Saudi Arabia produced 9.813 million barrels a day (bpd) of crude in June, up about 918,000 bpd from May, while exports rose to their highest level since the financial crisis hit demand in 2008, official Joint Data Initiative (JODI) figures show.
Saudi Arabia's Oil Minister Ali al-Naimi has said the kingdom would unilaterally produce all the oil needed after OPEC talks over a coordinated increase in production collapsed on June 8.
Saudi crude production did surge in June to its highest level since JODI records began in 2002, while exports of 7.378 million bpd are the highest since October 2008.
But despite June production levels being higher than any month since the start of 2002, Saudi crude sales fell short of exports often seen until mid-2005, according to official Saudi government data made available through JODI.
A more modest 539,000 bpd increase in Saudi exports from May to June 2011 probably reflects increased internal demand for crude for power generation and feedstock demand after the restart of the Rabigh refinery. Rabigh, which can consume up to 400,000 bpd of oil, was shut for maintenance in May.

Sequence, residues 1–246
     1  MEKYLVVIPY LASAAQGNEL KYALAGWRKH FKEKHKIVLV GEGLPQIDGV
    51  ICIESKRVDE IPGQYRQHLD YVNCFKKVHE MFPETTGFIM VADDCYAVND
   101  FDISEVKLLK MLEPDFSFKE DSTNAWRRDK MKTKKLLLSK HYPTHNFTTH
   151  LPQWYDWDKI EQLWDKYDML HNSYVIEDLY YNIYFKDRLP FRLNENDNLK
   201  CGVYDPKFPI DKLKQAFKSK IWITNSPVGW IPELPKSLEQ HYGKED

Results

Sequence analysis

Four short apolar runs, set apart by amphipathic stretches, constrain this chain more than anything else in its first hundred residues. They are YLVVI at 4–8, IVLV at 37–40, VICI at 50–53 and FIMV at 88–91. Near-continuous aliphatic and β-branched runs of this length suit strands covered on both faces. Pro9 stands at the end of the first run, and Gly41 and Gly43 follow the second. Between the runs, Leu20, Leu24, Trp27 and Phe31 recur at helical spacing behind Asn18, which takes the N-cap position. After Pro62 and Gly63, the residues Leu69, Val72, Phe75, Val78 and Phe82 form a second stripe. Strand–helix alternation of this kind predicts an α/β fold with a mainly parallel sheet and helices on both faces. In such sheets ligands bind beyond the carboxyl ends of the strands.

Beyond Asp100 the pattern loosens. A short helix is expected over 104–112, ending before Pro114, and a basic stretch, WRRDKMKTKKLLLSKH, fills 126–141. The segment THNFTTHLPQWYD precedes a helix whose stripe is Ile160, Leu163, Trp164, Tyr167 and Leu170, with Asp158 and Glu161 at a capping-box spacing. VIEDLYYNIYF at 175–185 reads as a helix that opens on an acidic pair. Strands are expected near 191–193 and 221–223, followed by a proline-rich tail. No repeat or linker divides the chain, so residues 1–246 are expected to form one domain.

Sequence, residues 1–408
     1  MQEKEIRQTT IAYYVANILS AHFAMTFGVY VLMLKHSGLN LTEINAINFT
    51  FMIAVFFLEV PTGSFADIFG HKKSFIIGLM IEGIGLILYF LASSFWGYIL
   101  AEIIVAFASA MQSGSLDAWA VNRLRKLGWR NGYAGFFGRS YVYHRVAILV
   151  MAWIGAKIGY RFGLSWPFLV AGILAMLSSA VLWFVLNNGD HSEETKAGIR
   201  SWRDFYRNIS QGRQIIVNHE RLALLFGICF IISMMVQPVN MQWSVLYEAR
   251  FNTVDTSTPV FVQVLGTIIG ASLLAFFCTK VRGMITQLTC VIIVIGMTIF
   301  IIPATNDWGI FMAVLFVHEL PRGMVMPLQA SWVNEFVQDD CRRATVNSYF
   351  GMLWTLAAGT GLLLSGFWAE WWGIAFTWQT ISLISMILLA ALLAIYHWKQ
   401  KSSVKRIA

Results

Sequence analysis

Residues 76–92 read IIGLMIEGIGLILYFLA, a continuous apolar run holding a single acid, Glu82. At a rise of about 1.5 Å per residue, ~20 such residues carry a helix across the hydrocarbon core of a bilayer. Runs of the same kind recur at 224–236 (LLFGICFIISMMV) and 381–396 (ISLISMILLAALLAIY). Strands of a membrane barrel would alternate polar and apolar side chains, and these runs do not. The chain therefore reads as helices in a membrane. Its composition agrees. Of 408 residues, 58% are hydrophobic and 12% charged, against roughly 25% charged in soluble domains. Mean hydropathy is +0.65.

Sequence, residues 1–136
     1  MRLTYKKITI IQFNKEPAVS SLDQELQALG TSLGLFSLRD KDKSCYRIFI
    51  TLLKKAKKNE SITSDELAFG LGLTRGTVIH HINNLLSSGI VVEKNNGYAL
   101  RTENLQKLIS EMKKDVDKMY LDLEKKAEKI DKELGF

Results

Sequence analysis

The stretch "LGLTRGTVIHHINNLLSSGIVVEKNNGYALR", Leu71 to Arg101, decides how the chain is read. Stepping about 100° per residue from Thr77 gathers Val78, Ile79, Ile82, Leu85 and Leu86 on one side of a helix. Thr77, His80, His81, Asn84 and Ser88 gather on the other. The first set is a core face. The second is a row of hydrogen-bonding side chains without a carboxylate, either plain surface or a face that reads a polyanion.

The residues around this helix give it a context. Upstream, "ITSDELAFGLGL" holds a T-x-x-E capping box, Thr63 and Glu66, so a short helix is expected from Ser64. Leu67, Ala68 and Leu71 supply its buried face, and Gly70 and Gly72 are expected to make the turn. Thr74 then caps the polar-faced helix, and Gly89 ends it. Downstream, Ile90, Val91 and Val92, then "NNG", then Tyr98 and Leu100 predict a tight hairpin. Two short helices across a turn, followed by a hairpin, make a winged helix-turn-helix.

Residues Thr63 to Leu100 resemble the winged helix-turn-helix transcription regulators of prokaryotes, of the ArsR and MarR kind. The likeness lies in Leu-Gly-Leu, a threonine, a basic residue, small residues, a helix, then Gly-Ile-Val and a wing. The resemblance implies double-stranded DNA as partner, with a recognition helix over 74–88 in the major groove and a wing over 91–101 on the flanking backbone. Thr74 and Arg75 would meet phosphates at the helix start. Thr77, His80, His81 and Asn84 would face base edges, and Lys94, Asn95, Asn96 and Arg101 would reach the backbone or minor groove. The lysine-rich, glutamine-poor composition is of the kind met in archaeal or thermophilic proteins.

Analysts say Saudi's increasing reliance on burning its own crude in power stations to keep a booming population cool has limited its summer exports and squeezed spare capacity.
A senior OPEC Gulf delegate told Reuters in early July the kingdom pumped more than 9.8 million bpd in June, but he did not give an export figure.
Increasing fears that another global economic slowdown could reduce demand for oil have weighed on prices since late July.
The United Arab Emirates produced 2.611 million bpd in June, down from 2.646 million bpd in May, while Kuwaiti crude output rose from 2.55 to 2.60 million bpd in June, according to JODI data.
Saudi Arabia's Naimi refers reporters to JODI, set up to promote transparency in oil markets, when asked how much the kingdom is pumping.